Personal and professional

Professionals in the mental health and addiction spheres are in a precarious position as they try to balance their treatment. On one hand, it is important to be professional at all times and exhibit a very clear professional relationship with a patient in order to continue to objectively assist someone through their time in recovery. On the other hand, it is also important to be personal and personable with each person in order to establish trust, which is aided by coming across as a caring, human peer or colleague rather than give the impression of being a “white coat.” Balancing both of these personas can be a challenge, but both are necessary when it comes to helping those in need with their mental health disorders or addiction recovery. 

 

Difficulties of Balancing Personas

Most people aren’t too keen on opening up about their addiction or mental illnesses with just anybody, despite its importance in recovery. Rather, it can be important to have a person they can trust before they begin to discuss the extent of their difficulties. This isn’t the fault of any person and it’s natural to want to feel like someone is talking to another person as an equal. As a result, it is important to approach each patient with a way to showcase that someone is more than a “white coat,” and that instead, there is a human being sitting next to them through these difficult times. 

However, it is also important to demonstrate one’s professional experience in order to help someone, as it can be difficult to get someone to try a new therapeutic technique or heed their advice during the therapeutic process. While balancing these two aspects is difficult, it is also possible. However, the results won’t look the same for each person.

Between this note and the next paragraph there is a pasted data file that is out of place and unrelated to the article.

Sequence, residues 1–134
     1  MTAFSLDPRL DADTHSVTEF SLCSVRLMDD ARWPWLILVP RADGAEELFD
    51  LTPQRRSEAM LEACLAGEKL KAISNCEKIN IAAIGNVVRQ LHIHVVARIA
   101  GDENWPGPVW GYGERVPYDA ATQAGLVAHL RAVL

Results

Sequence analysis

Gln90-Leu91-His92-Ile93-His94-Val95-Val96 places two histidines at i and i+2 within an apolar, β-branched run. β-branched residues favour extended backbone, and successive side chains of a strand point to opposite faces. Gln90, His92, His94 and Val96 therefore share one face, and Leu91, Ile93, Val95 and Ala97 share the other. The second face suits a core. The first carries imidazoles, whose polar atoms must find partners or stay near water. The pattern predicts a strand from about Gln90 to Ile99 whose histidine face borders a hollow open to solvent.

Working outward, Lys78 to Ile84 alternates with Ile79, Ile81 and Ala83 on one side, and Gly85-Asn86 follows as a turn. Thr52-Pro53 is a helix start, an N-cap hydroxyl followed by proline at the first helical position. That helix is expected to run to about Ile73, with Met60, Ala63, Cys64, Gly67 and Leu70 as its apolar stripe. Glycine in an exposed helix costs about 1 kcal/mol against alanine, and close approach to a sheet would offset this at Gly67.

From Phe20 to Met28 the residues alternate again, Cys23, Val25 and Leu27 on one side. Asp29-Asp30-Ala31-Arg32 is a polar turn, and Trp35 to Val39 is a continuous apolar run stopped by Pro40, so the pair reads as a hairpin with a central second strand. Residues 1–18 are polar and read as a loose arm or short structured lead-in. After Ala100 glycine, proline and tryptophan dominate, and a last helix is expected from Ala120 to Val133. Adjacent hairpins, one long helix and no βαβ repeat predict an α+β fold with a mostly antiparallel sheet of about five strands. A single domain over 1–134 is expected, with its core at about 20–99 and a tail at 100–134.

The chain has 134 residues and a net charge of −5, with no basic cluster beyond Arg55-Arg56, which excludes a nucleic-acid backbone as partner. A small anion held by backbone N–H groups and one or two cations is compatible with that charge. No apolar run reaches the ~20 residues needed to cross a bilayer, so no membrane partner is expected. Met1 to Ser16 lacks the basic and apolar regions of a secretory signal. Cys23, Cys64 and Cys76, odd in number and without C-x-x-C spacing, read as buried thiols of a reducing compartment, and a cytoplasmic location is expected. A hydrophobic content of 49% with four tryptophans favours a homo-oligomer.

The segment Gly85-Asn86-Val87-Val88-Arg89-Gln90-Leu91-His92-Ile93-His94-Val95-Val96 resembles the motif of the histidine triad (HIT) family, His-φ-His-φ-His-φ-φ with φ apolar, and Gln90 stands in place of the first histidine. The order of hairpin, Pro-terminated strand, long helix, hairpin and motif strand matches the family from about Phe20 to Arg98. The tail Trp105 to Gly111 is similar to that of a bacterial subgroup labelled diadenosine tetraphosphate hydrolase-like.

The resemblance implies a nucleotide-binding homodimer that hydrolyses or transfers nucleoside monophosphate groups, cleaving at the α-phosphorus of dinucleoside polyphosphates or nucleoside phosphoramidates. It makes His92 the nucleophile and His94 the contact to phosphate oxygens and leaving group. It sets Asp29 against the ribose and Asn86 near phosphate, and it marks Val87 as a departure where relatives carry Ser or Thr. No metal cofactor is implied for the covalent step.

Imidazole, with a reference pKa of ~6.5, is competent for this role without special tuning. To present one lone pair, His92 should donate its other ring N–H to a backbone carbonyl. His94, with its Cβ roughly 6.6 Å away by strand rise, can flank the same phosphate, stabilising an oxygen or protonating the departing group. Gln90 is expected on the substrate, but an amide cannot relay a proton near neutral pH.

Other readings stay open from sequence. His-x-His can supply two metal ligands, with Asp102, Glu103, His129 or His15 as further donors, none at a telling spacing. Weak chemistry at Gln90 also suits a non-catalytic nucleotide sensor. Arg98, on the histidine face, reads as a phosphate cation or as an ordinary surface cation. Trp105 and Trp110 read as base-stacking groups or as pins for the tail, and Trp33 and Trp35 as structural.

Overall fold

Know the Patient

Some patients will come into an individual therapy session with the expectation that talking to a professional is what is going to help them overcome their addiction. While these expectations will need to be managed, the patient may be expecting a rigid, clearly defined relationship that will require a very professional approach. However, there isn’t anything wrong with taking a more casual, personal approach to the therapy process. Some patients may feel an increase in their anxiety if the relationship is too formal for their comfort, which may make them feel like they are constantly being judged about their lives. During the intake process, many people may already be indicating the kind of relationship that they are expecting to have when it comes to professionals in recovery, and each therapist can use that information to create a persona that may fit the needs of each person they meet. However, this means that not only are the strategies that someone utilizes in their recovery going to be unique, but the words that the professional employs and the relationship that they create are also individually created depending on the expectations and needs of each client. 

 

Self-Protection